Another company that has bought and is testing the Bloom box so Sridhar can work out the kinks is eBay. Its boxes are on the lawn in the middle of its campus in San Jose.
John Donahoe, eBay’s CEO, says its five boxes were installed nine months ago and have already saved the company more than $100,000 in electricity costs.
“It’s been very successful thus far. They’ve done what they said they would do,” he told Stahl.
eBay’s boxes run on bio-gas made from landfill waste, so they’re carbon neutral. Donahoe took us up to the roof to show off the company’s more than 3,000 solar panels. But they generate a lot less electricity than the boxes on the lawn.
“So this, on five buildings, acres and acres and acres,” Stahl remarked.
“Yes. The footprint for Bloom is much more efficient,” Donahoe said. “When you average it over seven days a week, 24 hours a day, the Bloom box puts out five times as much power that we can actually use.”
If costs are that low, the impact might be close to the Company’s aggressive claims.
Posted in: Energy Independence, Renewable Energy, Sustainability
Tags: bio-gas, biofuel, Bloom Box, Bloom Box 60 Minutes, Bloom Box unveiling, Bloom Box vs solar panels, Bloom Energy, carbon neutral, cleaner electricity, electricity, energy grid, energy grid obsolete, fuel cell, fuel cell company, Hydrocarbons, K.R. Sridhar, landfill waste, natural gas
$3.4 billion in grants to be announced for smart grid
We waste a significant amount of electricity due to an outdated and inefficient electric grid in the United States. Thus, this investment is significant.
President Barack Obama on Tuesday will announce $3.4 billion in government grants to help build a “smart” electric grid that will save consumers money on their utility bills, reduce blackouts and carry power supplies generated by solar and wind energy, the White House said.
It marks the largest award made in a single day from the $787 billion stimulus package approved by Congress, and will create tens of thousands of jobs while upgrading the U.S. electric grid, according to administration officials.
The grants, which range from $400,000 to $200 million, will go to 100 companies, utilities, manufacturers, cities and other partners in 49 states.
This investment is only the first step, and part of the criteria here was the speed with which companies could implement the changes, as this money comes from the stimulus package. For example, the grants will not be used to build new power lines, but improve the capabilities of the electrical system. The funds will be used for a variety of projects, including approximately “18 million smart meters that will help consumers manage energy use in their homes, 700 automated substations to make it faster for utilities to restore power knocked out by storms and 200,000 smart transformers that allow power companies to replace units before they fail, thus avoiding outages.” Companies had to bid and compete for the funds, and the winning companies secured an additional $4.7 billion in private money to match their government grants, resulting in a total of $8.1 billion in total investment in the smart grid.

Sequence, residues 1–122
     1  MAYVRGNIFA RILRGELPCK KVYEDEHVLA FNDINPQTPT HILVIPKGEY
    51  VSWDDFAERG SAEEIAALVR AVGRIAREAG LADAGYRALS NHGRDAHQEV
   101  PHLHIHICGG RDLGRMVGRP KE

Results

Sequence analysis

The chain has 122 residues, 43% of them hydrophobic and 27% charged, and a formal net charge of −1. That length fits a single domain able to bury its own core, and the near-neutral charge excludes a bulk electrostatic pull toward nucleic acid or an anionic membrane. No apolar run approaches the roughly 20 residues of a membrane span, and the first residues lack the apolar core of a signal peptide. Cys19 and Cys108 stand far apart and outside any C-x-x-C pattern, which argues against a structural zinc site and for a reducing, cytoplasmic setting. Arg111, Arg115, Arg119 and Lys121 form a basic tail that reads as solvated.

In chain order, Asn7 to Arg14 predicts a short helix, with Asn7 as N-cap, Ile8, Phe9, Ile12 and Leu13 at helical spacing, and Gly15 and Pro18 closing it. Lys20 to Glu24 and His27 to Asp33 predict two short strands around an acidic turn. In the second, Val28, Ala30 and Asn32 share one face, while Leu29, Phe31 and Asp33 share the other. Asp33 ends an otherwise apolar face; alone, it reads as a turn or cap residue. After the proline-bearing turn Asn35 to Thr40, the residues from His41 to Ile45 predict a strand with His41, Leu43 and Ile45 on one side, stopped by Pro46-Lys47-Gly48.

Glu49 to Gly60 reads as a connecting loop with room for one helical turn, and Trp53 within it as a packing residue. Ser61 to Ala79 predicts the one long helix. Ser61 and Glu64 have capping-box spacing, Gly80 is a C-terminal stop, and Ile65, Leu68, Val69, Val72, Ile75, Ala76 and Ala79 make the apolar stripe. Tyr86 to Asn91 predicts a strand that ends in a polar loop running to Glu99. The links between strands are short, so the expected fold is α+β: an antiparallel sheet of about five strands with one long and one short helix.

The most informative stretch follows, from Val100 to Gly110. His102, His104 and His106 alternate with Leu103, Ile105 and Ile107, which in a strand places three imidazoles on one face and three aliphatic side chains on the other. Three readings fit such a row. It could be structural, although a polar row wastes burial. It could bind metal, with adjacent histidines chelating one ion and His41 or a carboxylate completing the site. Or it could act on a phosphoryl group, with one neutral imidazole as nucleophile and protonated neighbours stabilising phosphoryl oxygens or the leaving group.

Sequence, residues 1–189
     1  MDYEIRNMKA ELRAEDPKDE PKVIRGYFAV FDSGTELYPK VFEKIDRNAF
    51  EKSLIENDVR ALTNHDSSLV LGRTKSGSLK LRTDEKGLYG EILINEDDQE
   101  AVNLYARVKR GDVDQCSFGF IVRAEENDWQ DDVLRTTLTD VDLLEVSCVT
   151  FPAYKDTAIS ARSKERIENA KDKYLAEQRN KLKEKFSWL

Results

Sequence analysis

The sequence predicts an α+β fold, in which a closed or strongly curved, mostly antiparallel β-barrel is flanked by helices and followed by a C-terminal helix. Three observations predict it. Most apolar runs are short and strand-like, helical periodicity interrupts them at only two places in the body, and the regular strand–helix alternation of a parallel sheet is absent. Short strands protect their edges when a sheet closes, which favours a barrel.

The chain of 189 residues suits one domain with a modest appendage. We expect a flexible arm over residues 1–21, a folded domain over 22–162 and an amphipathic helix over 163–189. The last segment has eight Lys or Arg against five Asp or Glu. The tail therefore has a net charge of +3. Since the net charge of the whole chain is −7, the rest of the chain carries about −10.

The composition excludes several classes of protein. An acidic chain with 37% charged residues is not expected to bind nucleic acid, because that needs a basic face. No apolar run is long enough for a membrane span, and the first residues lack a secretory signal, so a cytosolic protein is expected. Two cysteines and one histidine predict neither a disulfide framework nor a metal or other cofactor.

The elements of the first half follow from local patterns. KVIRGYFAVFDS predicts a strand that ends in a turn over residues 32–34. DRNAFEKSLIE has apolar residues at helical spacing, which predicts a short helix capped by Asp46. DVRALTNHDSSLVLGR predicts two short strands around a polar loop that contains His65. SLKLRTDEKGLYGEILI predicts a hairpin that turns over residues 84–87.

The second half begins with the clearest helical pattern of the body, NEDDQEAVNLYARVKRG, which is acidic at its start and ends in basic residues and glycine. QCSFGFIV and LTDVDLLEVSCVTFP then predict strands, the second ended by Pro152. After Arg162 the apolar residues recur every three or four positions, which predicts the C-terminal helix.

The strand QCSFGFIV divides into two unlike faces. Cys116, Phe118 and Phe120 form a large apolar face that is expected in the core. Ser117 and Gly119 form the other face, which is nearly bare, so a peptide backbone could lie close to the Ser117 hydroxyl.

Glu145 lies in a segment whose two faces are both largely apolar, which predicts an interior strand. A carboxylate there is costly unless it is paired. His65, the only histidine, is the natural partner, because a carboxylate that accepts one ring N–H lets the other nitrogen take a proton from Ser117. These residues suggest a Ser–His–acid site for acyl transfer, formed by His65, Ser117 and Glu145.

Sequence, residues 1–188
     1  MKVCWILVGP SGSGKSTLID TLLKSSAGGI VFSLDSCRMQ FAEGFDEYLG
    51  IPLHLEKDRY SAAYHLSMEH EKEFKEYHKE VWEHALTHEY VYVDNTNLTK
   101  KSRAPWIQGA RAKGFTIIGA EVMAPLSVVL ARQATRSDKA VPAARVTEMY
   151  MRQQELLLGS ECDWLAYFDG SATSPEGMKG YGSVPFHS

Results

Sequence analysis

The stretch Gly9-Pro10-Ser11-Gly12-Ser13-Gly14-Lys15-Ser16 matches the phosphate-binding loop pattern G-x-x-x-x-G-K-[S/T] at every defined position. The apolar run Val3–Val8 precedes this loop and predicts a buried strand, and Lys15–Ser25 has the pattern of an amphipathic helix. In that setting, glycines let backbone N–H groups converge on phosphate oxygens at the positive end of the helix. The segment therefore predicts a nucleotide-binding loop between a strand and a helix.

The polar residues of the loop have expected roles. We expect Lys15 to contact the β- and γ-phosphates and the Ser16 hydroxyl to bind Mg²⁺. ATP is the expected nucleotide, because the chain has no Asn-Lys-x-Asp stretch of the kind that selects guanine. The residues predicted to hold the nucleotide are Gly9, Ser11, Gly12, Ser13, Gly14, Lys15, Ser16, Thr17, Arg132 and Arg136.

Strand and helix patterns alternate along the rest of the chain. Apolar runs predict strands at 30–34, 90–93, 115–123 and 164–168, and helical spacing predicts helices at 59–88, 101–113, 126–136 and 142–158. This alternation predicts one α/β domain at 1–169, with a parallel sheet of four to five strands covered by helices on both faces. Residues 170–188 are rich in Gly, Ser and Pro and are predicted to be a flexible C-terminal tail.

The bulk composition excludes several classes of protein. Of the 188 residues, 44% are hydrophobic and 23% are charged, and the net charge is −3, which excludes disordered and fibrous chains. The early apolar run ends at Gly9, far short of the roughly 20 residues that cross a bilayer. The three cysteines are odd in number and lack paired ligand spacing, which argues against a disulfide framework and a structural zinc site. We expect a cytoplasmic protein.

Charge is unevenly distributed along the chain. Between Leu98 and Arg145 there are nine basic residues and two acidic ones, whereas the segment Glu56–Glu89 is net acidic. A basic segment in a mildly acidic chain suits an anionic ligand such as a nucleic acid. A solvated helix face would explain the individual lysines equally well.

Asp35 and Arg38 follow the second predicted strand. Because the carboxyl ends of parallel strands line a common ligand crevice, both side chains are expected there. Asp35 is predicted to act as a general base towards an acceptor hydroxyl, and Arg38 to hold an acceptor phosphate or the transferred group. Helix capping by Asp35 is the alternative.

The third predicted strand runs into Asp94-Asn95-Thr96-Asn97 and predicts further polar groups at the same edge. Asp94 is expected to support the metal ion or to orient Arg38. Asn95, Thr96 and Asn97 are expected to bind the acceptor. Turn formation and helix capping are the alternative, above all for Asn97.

The smart meters are critical, as they encourage consumers to use electricity more efficiently. If you can see on your meter that running the dishwasher costs you more during the day, you will consider running it at night instead when rates are cheaper. If you’re costs are spiking during the day, you might realize that you can open the windows instead of running the air conditioner.
Posted in: Conservation, Energy Independence, Renewable Energy, Sustainability
Tags: conservation of electricity, electric grid, electricity, green stimulus, new power lines, smart electricity grid, smart grid, smart infrastructure, smart meters, smart transformers, solar energy, stimulus package, utility bills, wasted electricity, wind energy, wind power, windmill image, windmill photo, windmill pic